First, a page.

A month ago, I drove through Pemberton and one of the most beautiful 14-year-old kids I know, was standing in the middle of the roundabout, shaking a sign and punching his fist in the air. The climate strikes had come to Pemberton. Nice work, gang, I thought. Good for you. I honked my horn in solidarity and caught his eyes, and he looked at me with an intensity that could set the world ablaze. It took me out of my grab-milk-pick-up-kid-cook-dinner headspace for a moment. Yeah, I feel you, kid. And I see you accusing me, too, and fair call. It is outrageous, ridiculous and complete bullshit that we are standing here on this precipice. And what have I done and why have I let you down? I hear you. And I, in turn, shake my fist at the generation above me.
So how will we channel that rage?
Elisabeth Kubler Ross famously outlined the stages of grief: denial, anger, bargaining, depression, acceptance. It makes sense, when we wake up from denying the facts about this climate emergency we are in the midst of, that the next emotion to surge forth will be anger. But perhaps the most important thing to acknowledge is that what we're experiencing is a stage of grief.
Trained fisheries technician and Stewardship Pemberton founder, Veronica Woodruff, recently shared that this season's sockeye salmon levels are the lowest ever seen on the Birkenhead River. By an order of tens of thousands. Fewer than 1,000 have been seen this year. It is essentially a complete collapse of the sockeye run. "Two of the lowest counts on record since 1938 were in 2017 (18,634) and 2018 (15,066)," reported Woodruff. "Less than 1,000 is crazy." The bears are feeling the impact—having to look elsewhere for food, and so neighbourhoods throughout Pemberton are noticing more habituated food conditioned bears raiding gardens and fruit trees and poaching chickens, trying to fatten up for winter.
Pair this local reality with the shocking photos of starving grizzlies spotted wandering the shores of Knight Inlet, and the weight of what feels like grief sits hard on my chest and compresses the air out. I'd like to just hand it all over to Greta, whose Warrior energy seems indefatigable. How dare I.
Joanna Macy, a scholar of Buddhism, systems theory and deep ecology, and author of Active Hope: How to Face the Mess We're In Without Going Crazy, says it's important to acknowledge that this is grief. This is something to grieve. And like grief, we need to find ways to honour the pain we feel for the world, be it fear, sorrow, outrage, or overwhelming feelings of futility.
What Macy has been teaching so radically for years is that we don't have to do it alone. "We are a culture addicted to feeling good, appearing to be sunny. We are scared of the dark emotions. The industrial-growth society, the consumer society, can persuade us that these feelings are some private pathology or personal craziness."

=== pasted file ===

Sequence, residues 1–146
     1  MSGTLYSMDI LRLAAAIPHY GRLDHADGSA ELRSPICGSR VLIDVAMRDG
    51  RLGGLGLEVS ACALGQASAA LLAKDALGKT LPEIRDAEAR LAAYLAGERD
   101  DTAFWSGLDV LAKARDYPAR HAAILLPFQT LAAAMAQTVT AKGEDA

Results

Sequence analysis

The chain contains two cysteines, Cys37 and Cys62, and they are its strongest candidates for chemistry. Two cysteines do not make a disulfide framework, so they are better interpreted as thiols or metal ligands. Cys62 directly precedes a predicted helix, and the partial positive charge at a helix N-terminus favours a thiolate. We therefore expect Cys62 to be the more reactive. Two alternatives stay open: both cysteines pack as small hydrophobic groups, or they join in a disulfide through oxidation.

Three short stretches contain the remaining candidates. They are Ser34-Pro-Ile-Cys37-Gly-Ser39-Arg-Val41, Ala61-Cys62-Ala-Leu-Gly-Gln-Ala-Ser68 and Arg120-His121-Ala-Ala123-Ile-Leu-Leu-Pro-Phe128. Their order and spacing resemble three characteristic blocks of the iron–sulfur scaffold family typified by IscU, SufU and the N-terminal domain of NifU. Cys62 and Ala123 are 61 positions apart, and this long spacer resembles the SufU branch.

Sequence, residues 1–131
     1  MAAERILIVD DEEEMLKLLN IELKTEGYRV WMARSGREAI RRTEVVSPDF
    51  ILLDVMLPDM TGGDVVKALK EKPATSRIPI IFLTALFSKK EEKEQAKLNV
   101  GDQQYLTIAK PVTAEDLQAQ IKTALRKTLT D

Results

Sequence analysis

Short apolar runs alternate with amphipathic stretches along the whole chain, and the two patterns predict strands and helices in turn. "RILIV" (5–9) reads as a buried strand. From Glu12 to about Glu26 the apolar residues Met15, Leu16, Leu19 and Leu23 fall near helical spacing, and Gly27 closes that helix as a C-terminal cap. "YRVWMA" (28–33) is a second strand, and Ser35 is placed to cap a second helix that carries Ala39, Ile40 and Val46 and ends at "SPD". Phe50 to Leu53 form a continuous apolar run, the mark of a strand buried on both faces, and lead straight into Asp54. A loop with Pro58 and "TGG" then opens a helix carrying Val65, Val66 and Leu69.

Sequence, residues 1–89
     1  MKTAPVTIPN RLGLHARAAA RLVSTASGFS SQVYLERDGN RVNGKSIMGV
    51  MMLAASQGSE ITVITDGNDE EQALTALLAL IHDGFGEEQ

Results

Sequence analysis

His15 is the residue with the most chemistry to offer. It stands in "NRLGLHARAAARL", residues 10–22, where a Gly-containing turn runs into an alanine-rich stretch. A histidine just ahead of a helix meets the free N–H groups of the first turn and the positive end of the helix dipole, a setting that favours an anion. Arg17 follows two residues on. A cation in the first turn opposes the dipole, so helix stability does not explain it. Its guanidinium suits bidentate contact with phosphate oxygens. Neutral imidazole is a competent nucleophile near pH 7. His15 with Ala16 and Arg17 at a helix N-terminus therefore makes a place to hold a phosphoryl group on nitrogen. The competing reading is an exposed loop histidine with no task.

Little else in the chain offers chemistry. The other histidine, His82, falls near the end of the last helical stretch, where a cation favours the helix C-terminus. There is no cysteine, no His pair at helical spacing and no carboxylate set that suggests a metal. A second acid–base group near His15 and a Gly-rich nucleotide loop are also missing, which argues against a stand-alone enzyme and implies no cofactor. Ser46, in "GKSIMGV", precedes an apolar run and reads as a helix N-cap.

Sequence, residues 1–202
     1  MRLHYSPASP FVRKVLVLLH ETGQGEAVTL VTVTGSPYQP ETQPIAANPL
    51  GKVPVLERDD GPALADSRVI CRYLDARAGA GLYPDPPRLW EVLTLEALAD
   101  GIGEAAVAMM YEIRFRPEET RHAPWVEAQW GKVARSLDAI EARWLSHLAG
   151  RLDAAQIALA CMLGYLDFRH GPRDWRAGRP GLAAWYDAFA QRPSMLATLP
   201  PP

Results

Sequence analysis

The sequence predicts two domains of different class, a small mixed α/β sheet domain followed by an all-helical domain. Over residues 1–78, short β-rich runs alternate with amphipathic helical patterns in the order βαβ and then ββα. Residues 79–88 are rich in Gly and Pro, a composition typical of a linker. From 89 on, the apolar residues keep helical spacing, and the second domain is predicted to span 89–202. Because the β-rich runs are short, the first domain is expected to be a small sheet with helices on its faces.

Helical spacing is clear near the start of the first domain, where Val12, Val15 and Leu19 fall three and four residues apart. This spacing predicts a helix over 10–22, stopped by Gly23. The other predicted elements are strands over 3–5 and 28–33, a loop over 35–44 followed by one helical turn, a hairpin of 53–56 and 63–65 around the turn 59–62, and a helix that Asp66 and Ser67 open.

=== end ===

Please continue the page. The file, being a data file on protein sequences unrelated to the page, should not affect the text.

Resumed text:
They're not, she says. They're logical. They're sensible. They're responsive. Don't privatize the grief, she says. Stop blocking the despair, because when you do, "all this energy comes through you—creativity, passion, even hilarity. It's unblocking the feedback loop."
Every month, for now, my body reminds me that it is creative to its core. It is constantly priming itself to create the ultimate expression of the Life Force—a human being. It's utterly embedded in our being and our biology: to create. There are so many ways we can express this. Often, bringing something to full term—a human, a novel, a house, a painting, a one-woman show, a harvest—is gruelling. It's super hard work. It's daunting. It's a dance with all your devils and naysayers ... But it's in us. As much as we need to rise up as warriors right now, we also need to cultivate the creator in us ... to keep the balance.
As is shared every time people lose someone they love, "grief is just love with no place to go."
These words, of Jamie Anderson, apply equally to this world and its shudders and collapses and tries to rebalance. "Grief is really just love. It's all the love you want to give, but cannot. All that unspent love gathers up in the corners of your eyes, the lump in your throat, and in that hollow part of your chest."
The love we might suddenly realize we had for the salmon becomes grief when they don't swim back to the spawning grounds that have sung them home for aeons. I need to find a place, not for my devastation about that, my shock, or my anger ... but for the love.
This whole climate emergency is not a battle, as much as people say that we need our governments to declare war, so they can mobilize the way they do when we are in conflict with an enemy we can kill. It's a love story, not a battle. We've been doing this adversarial thing for thousands of years, it's baked into all of our systems, and all we have got for our binary, you versus me, kill or be killed ways, is bloodshed.
My mission is to focus on what fills me with so much love I could almost explode—he's right here, downstairs, practicing his letters, kicking around a soccer ball, slow-working his dad around into letting him have fish, then a cat, then a dog, as he proves his pet-worthiness—and then, try to love the planet in the same way. To have that shape my decisions, my words, my actions.
When we love the Earth in the same way we love the people who make our heart explode, the solutions will emerge. Also, it will hurt like hell. How to open up to that amount of pain? But it's out of that space, I believe, that the solutions will emerge.
The Velocity Project: how to slow the f*&k down and still achieve optimum productivity and life happiness.